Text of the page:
Woman hurt when Winston Smith was killed sues authorities

·3 min read
In this May 31, 2021, photo provided by Norhan Askar, Winston Boogie Smith Jr., is seen in Minneapolis Norhan Askar who was with Winston Boogie Smith Jr. when he was fatally shot by members of a U.S. Marshals Service task force during an arrest attempt in Minneapolis said through her attorneys Thursday, July 22, 2021 that the law enforcement officers were not in uniform and did not identify themselves as authorities when they surrounded the SUV with their guns drawn. (Norhan Askar via AP)

MINNEAPOLIS (AP) — A woman who was with a St. Paul man when he was shot and killed in Minneapolis by members of a federal task force is suing local authorities and has signaled her intent to sue the U.S. Marshals Service, saying she was emotionally traumatized and her civil rights were violated, her lawyers said Friday.

Norhan Askar was on a date with Winston Boogie Smith Jr. and was sitting in an SUV in a Minneapolis parking ramp on June 3 when Smith, who was Black, was fatally shot as authorities tried to arrest him on a weapons violation.

Authorities said Smith showed a handgun and that evidence shows he fired it. Askar’s attorneys have said she never saw a gun on Smith or in his vehicle and that he was shot after he held up a cellphone to begin recording.

Askar is seeking $15 million from the Marshals Service, according to a letter dated Wednesday in which her attorneys notified the agency that they would file a federal civil rights and torts claim in six months if the issue isn’t resolved. Such notice is required under the Federal Tort Claims Act before a lawsuit can proceed.

Christopher Nguyen, one of Askar's attorneys, said the $15 million is a starting figure. He said there are no settlement negotiations at this time.

The Marshals Service didn't immediately reply to a message seeking comment.

Askar's attorneys are also pursuing a personal injury claim in state court against Hennepin and Ramsey counties, and against the Hennepin and Ramsey county sheriff's offices and against the two deputies who fired their weapons. According to that claim, which Nguyen said was served on the parties but not filed in court, the task force members denied Askar's civil rights, were negligent, committed assault and inflicted emotional distress.

Among other things, Askar claims her civil rights were denied when the task force officers prevented her from leaving by using a vehicle to ram into the back of Smith's SUV, smashing it into a barrier and leaving her trapped. She said authorities did not identify themselves as law enforcement as they surrounded the SUV, pointed guns at her, shouted commands and ultimately fired their weapons.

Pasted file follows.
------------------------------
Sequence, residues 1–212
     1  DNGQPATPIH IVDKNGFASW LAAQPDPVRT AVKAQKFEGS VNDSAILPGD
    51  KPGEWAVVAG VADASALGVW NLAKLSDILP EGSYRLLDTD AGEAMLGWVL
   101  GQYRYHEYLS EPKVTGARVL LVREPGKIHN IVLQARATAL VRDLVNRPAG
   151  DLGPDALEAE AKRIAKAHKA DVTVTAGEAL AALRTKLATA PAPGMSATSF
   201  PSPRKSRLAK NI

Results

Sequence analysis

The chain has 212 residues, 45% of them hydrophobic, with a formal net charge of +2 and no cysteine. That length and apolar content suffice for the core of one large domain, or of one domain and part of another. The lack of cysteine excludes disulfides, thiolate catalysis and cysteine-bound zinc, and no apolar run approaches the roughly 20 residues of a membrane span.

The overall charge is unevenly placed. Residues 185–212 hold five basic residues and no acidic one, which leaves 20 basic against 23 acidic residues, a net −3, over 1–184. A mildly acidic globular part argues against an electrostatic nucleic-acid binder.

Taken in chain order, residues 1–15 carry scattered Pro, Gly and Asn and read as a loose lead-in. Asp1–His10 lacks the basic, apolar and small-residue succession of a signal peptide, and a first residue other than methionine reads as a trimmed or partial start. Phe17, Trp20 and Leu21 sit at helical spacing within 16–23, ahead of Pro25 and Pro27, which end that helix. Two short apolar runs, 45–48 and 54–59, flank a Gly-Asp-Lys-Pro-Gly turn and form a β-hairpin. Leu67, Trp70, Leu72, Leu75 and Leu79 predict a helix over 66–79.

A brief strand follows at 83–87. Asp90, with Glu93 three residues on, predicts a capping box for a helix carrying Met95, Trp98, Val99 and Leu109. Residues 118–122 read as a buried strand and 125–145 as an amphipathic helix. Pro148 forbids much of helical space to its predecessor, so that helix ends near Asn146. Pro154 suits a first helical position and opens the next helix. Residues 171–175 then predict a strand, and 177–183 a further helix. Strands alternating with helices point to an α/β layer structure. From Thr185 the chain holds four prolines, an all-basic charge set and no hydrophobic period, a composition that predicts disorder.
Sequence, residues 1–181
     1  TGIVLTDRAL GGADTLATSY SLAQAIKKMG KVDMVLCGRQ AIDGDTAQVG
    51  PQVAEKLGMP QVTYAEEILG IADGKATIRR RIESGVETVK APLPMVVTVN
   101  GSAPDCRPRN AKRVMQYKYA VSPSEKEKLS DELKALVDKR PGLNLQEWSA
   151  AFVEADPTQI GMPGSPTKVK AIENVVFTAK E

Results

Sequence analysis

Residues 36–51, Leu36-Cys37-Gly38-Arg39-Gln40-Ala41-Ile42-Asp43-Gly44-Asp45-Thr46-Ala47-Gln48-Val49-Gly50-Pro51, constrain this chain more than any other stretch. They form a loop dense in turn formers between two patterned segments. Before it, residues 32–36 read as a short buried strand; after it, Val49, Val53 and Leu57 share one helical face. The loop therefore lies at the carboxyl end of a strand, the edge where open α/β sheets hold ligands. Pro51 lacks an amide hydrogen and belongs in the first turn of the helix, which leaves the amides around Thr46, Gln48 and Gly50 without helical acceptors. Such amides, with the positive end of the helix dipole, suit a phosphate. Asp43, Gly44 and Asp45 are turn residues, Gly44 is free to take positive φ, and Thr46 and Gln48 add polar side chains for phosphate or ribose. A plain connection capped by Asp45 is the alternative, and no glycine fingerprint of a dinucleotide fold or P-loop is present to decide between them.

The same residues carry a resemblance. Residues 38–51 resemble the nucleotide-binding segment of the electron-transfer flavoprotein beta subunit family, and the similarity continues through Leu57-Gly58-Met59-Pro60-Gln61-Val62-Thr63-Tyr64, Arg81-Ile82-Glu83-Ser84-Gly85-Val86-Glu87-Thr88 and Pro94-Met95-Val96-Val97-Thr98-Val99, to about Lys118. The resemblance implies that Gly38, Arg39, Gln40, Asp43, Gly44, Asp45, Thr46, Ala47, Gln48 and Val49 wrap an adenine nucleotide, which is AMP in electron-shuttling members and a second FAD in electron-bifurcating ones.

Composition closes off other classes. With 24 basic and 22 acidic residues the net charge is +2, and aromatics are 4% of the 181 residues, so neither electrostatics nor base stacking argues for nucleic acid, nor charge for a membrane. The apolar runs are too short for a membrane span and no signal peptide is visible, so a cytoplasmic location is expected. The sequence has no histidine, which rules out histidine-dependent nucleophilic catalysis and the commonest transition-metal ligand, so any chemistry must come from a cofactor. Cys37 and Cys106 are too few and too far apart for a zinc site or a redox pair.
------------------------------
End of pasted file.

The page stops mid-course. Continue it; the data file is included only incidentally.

She also claims the officers demonstrated a conscious disregard and deliberate indifference to the risk that Askar would be killed or seriously harmed. Askar was hurt by shattered glass and is seeking damages for her physical and emotional injuries.

A spokeswoman for Hennepin County said she wasn't aware of the lawsuit and that it would be inappropriate to comment if litigation was pending. Ramsey County didn't immediately reply to requests for comment.

According to court records, Smith was wanted for allegedly being a felon in possession of a firearm.

Authorities were trying to arrest him when a Ramsey County sheriff’s deputy and a Hennepin County sheriff’s deputy who were members of the task force fired their weapons. Both deputies were working undercover so their names are barred from release under state law, authorities have said.

State investigators have also said they were unaware of any video of the incident. Investigators said there is no body camera or squad camera footage, and they are unaware of surveillance video.

Local officials have said the deputies were assigned body cameras but were told by the Marshals Service that they couldn't use them, despite an October change in Justice Department policy that would have allowed them to be used. The lack of body camera footage has raised questions, as Smith’s family members and activists have demanded transparency.

When Smith was shot, Minneapolis was already on edge following the death of George Floyd over a year earlier, and the fatal shooting of Daunte Wright by an officer in nearby Brooklyn Center in April.

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